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Is Finance Minister Roni Bar-On a hysteric? Yes, according to Histadrut labor federation chair Ofer Eini, who yesterday dubbed the finance minister "hysterical".

"Bar-On's response to the idea is meant to hide his and his officials' concern that such a council would erode the enormous power they have accumulated," he accused.

The "Irish scheme" proposal calls for the establishment of an advisory council that would place the government, the Histadrut and the Manufacturers Association on an equal footing.

Eini said that private employers and the Histadrut had proposed that the finance minister join the initiative. "We suggested that the council operate under Knesset legislation and be headed by the prime minister, and proposed that the resulting program be subject to government approval. So we don't understand the finance minister's 'anti-democratic accusation,'" Eini said. "The treasury is the one using anti-democratic methods, through its use of the Arrangements Law."

Eini added that as he had not heard the finance minister speaking out against the Arrangements Law, he can only surmise that he fully supports his officials on this matter.

"We are in an odd situation, in which advisers in their 20s, who have just completed university and were elected by no one, are dictating to democratically elected ministers how their ministries will look.

"The idea of establishing an economic-social council is far more democratic than the treasury's continued accumulation of enormous power in recent years. Treasury officials represent only a single economic theory in which they were trained and which they follow submissively, like religious adherents. The council, on the other hand, would represent the interests of all sectors; workers, employers, minorities and professionals, including those who think differently. This is far more democratic than the treasury's absolute control over economic and social life."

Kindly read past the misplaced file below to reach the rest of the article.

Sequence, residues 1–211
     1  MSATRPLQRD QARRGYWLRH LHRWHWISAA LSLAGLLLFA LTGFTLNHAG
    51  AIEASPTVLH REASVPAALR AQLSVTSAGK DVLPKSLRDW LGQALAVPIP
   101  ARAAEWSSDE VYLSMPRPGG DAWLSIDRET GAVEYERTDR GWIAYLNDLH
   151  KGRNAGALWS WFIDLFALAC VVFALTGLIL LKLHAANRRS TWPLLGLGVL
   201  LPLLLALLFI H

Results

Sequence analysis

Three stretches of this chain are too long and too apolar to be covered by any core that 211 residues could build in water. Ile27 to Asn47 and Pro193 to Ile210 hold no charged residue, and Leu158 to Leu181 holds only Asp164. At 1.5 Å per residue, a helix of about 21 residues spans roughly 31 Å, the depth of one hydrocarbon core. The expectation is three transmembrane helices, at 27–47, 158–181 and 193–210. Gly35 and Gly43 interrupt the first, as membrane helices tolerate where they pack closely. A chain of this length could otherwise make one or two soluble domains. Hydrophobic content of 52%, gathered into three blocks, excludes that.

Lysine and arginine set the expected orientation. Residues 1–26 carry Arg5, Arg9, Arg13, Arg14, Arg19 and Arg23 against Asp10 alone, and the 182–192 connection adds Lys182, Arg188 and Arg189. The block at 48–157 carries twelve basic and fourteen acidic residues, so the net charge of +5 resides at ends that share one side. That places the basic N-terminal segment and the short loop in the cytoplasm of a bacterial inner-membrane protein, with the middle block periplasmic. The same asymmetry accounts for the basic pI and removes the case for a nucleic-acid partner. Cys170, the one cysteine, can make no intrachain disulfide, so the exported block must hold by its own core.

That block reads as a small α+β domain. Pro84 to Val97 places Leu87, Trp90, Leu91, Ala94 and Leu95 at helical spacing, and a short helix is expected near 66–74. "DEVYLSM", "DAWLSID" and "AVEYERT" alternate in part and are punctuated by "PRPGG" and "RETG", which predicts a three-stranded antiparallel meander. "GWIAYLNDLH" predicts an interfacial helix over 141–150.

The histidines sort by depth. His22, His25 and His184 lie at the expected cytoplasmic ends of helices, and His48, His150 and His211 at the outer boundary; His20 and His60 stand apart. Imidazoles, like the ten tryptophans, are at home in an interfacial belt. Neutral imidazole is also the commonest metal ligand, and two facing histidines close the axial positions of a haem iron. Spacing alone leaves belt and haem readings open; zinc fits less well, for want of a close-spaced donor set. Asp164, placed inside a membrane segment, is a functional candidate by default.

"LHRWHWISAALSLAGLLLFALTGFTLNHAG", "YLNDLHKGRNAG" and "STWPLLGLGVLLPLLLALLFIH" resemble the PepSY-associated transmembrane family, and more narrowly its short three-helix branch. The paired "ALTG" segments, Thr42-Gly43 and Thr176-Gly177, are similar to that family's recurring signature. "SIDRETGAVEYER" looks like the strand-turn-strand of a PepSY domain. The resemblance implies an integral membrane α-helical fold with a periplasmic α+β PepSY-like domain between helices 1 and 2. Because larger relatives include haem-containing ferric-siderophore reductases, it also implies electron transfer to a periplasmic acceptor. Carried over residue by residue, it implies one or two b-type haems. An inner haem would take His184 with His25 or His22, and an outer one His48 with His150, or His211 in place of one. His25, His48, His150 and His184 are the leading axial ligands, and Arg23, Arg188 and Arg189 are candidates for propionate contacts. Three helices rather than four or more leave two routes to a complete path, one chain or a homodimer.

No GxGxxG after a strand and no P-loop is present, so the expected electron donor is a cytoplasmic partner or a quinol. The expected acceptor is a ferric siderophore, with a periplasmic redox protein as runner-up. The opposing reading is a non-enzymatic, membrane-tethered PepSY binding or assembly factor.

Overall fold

Bar-On called the proposed council "not a revolution but a proposal for a revolt." Speaking at the Forbes conference, Bar-On said that from what he had read in the press, it appears that the proposal seeks to change the democratic system of government. Instead of a democracy, in which every citizen has a direct influence over government policy through the parliament, the proposal offers a system of government in which the social contract is dictated by brokers and professional unions, sectoral organizations that do not represent the majority of the population.

"I find this idea something that is in direct opposition to the principle of parliamentary democracy" Bar-On said.

"The attempt to form a barrier between the will of voters and government sovereignty by means of an array of brokers, raises such questions as what is the legitimate basis that justifies a demand to receive authority equal to that of an elected government? These organizations are not answerable to the public, but to the group of people who chose them; they are a guild. If the purpose is to seek an alternative to the government, the appropriate avenue would be to run in democratic elections," Bar-On said.